Adult Orphansby John E. Turner, LMFT and Sally R. Connolly, LMFT
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Some say that they feel very alone
and find the loss significant. Old rituals or habits that must end like
talking things over with a parent, spending social time, holidays or
Sunday dinners with them or even letting go of care-taking
responsibilities may require some adjustment.
Hannah, a woman in her
50’s and an only child without children of her own, remarked that it was
incredibly sad to recognize that there were no other close relatives in
her life. She felt very alone. Bill, a 48 year-old man, said that the
loss of both parents was very difficult for him and he would most miss
the many family rituals that he, his wife and children enjoyed with
Parents hold family memories.
Suddenly, the history is gone.
Parents also often hold unconditional love and regard. As adults, we
often still look for ways to make them proud of us and when they are
gone, we are required to look within ourselves and others to provide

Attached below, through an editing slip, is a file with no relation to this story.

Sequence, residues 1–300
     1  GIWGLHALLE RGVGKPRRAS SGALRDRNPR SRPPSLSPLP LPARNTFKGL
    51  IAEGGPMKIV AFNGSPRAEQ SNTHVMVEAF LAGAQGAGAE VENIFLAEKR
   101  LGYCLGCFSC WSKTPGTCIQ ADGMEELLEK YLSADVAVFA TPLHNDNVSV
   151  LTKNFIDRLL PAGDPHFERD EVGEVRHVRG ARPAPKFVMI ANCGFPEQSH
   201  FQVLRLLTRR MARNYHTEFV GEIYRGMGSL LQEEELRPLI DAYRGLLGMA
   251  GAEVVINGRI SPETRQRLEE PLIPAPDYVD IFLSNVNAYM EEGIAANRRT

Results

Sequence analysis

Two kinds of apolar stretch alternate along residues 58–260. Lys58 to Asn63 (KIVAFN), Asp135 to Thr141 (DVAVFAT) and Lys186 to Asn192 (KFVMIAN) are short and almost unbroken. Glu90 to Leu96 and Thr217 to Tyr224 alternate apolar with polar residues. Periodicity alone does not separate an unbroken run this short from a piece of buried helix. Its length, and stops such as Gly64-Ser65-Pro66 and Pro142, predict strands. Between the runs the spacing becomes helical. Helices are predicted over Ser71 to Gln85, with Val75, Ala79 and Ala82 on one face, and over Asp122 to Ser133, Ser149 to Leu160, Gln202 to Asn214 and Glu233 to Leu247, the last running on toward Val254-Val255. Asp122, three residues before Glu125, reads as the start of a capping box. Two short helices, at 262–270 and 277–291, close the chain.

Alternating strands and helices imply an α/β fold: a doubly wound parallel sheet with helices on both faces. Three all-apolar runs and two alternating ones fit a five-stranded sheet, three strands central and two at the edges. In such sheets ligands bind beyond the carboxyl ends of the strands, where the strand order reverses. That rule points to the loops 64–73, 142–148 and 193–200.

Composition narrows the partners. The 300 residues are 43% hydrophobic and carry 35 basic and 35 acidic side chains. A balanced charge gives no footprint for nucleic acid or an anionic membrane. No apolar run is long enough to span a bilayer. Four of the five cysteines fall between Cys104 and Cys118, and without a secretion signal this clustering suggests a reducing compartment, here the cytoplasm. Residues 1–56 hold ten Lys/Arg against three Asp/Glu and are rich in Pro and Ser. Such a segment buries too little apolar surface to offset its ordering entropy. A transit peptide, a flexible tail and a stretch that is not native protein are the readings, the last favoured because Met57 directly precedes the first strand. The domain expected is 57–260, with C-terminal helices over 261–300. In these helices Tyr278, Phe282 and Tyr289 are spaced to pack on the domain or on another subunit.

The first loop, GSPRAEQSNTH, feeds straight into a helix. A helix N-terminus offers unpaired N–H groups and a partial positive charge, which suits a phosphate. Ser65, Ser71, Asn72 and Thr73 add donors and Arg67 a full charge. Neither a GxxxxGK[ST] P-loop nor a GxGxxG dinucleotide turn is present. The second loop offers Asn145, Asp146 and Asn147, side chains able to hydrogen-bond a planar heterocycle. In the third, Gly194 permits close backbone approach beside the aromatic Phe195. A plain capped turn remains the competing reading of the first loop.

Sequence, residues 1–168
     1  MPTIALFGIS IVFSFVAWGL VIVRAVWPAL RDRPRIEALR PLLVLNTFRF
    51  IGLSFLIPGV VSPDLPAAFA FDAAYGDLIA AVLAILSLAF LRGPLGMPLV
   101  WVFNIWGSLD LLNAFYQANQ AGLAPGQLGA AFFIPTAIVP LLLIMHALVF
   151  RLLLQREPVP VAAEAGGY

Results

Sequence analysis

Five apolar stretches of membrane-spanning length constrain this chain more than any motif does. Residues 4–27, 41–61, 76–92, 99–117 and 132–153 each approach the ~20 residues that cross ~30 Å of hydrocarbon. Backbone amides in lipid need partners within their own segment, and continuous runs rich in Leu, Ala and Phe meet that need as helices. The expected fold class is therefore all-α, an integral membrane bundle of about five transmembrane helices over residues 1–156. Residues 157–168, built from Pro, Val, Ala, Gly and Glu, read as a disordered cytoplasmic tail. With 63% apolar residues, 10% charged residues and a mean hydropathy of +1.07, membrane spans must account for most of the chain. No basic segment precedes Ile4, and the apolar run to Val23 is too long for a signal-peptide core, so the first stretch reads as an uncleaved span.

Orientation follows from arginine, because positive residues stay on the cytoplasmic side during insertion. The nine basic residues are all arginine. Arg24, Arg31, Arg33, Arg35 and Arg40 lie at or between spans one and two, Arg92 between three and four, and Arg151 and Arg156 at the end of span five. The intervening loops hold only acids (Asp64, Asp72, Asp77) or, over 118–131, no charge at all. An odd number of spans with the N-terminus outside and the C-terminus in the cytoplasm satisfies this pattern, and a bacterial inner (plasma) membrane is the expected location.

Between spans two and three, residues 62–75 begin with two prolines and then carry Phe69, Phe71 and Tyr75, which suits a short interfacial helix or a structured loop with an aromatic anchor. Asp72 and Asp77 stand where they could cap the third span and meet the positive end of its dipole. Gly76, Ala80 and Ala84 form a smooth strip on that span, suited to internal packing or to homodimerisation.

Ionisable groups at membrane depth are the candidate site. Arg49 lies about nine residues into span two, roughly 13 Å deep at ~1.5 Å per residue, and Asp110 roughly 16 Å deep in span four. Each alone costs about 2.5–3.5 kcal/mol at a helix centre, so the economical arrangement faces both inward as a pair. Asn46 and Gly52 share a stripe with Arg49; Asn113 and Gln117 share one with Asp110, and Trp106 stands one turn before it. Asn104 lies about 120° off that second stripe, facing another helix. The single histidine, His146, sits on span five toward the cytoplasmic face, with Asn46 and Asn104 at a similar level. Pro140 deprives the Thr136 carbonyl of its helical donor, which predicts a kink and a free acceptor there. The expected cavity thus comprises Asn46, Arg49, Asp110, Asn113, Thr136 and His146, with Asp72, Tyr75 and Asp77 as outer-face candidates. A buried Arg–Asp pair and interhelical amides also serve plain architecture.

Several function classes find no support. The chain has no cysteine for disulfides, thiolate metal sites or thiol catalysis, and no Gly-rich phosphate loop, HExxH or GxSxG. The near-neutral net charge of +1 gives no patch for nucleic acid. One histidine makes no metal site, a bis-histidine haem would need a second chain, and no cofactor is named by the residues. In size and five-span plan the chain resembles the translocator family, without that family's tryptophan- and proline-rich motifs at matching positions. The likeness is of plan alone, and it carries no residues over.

that respect and appreciation that helps us to feel good about who we
Adults who come from difficult families, or have had painful
relationships with their parents, may also feel the loss after they are
gone. Then there truly is no opportunity for a reconciliation or for a
relationship that feels loving and respectful, even if hope for that was
given up long ago.
are some things that you can do:
- Talk out loud with someone that you trust about
positive, negative and even ambivalent feelings about your parents.
- Decide on regular rituals to remember
your parents like visits to the cemetery, planting special flowers every
spring, lighting candles and recovering memories or even just sharing
memories out loud.
ways to move on, even with small steps, giving yourself permission to
let go. Letting go of the grief does not mean forgetting.
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|Feeling lost |
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